Once a busy line
Ayot signal Box and station
By Susan Hall
This signal box pictue appeared in the Welwyn Times and Hatfield Herald on 5 february 1965 page 43 with the heading Closing soon.
The light appeared in the Welwyn Times and Hatfield Herald on 12 February 1965 under the heading Once a busy station now…
The following article appeared with it:
“The Luton branch line is to close and with it the old wooden signal box, reputed to be around a hundred years old.
Nowadays with normal running, a total of 32 trains, passenger and goods pass along the line, but at one time the track was a very busy line with sidings at Ayot, a bustling station, and distribution centre.
On July 26, 1948, the station, an all wooden building, was totally destroyed by fire,people coming from miles around to witness the scene.
The fire is thought to have been started by a spark from an engine, as it was first noticed shortly after a train had left the station. Five fire brigades attended, and despite their efforts the building could not be saved.
All that remains now is an ugly brick built lavatory, a foot crossing points and one or two LNER. “Beware the Trains” signs and a lamp post.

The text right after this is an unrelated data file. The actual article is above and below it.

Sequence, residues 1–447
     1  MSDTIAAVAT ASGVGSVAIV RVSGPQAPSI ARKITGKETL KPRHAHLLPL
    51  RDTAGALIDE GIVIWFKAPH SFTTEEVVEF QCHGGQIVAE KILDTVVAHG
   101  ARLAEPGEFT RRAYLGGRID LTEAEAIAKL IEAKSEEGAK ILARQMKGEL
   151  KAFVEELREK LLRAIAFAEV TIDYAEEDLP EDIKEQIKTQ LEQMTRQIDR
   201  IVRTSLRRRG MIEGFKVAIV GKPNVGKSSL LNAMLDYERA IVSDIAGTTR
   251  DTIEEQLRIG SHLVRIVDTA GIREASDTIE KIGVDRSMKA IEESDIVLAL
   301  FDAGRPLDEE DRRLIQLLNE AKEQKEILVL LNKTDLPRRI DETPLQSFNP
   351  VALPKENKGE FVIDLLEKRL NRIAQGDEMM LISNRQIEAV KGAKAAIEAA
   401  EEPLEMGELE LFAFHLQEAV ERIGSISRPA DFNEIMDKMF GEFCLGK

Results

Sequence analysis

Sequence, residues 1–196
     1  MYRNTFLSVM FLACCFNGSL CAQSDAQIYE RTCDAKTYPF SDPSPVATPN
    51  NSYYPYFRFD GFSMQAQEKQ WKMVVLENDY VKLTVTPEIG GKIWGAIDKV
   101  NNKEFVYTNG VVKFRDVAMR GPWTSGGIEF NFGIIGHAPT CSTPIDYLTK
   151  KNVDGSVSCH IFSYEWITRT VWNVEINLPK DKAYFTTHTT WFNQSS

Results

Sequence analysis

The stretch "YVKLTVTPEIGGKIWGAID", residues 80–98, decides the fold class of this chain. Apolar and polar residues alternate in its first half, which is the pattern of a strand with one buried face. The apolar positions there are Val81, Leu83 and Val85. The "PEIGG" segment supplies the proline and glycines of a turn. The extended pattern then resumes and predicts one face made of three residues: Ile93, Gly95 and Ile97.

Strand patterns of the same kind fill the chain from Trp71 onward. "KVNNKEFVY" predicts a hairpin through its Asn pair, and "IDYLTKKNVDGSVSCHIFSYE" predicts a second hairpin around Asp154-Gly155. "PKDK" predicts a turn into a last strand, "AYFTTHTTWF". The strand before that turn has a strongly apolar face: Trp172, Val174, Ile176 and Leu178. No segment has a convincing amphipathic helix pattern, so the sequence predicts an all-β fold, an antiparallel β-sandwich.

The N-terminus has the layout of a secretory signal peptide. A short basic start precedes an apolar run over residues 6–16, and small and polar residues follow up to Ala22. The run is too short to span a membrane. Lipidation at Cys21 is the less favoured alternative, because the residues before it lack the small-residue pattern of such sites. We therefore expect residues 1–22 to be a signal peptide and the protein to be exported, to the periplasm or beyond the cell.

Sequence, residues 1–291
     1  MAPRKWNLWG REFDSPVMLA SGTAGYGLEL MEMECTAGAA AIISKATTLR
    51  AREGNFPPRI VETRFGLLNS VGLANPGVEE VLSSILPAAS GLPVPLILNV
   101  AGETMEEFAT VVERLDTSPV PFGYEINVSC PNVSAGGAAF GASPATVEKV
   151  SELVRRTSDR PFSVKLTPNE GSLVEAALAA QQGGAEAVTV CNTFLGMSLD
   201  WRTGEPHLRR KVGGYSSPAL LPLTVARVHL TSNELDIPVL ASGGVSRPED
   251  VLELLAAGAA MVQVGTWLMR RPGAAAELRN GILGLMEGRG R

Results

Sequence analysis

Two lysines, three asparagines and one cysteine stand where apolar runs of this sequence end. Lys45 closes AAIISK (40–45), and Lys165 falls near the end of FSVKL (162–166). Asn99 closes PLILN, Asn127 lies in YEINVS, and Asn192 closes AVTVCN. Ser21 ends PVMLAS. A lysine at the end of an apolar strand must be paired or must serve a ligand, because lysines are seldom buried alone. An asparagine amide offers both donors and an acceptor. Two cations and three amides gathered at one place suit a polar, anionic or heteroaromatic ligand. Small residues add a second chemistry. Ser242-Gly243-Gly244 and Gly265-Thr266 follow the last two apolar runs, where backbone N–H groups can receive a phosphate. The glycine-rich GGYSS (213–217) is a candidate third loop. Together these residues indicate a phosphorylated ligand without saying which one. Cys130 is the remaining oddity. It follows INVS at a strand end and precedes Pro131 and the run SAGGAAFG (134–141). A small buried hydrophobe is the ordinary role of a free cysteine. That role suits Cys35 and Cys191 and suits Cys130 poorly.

Curiously enough the day the closure was announced, a railways inspector came to examine the lamp, saying that someone had asked to buy it.
In the signal box there is an impressive array of levers, but many are not in use. The box employs one regular signalman, operates four sets of points, and ten sets of signals.
Apart from the commuter traffic, there is a regular stream of coal trucks, and also London rubbish, coming out to the tip just outside Wheathampstead.”
The following article appeared in the Welwyn Times on 30 July 1948 page 1:
“The “wooden box” railway station at Ayot was gutted by fire on Monday morning.
During the two-hour blaze, smoke and flames enveloped the station and the small of burning creosote drifted for miles.
Firemen struggled across fields with hydrants but the all-wooden structure defeated them; only cinders and a chimney stack remain of the up-platform with its waiting room.
Spectators helped the firemen handle a pump and hoses over the burning track and across the fields to a nearby pond.
The down-platform, waiting room and booking office were severely damaged.
Spotted by the porter
Flames spread along the sleepers and the track curled and buckled in the heat. An emergency gang fron Hitchin found the line three feet out of true. They restored service during the afternoon.
Firemen from WGC, Hatfield, Welwyn, Stevenage, Harpenden and St Albans were there. The Welwyn Brigade was the first to arrive.
A porter spotted the fire at 10.33am, just after a passenger train had left the station. With Signalman George Hercock, of Meadway, WGC, he fought the flames with extinguishers. When the fire got out of hand they called the brigades and began to salvage stores.
Twelve minutes after the fire was discovered, Mrs Bantin, who lives at the station house, received a telephone call from her husband, a clerk at Liverpool Street, asking if the house was all right.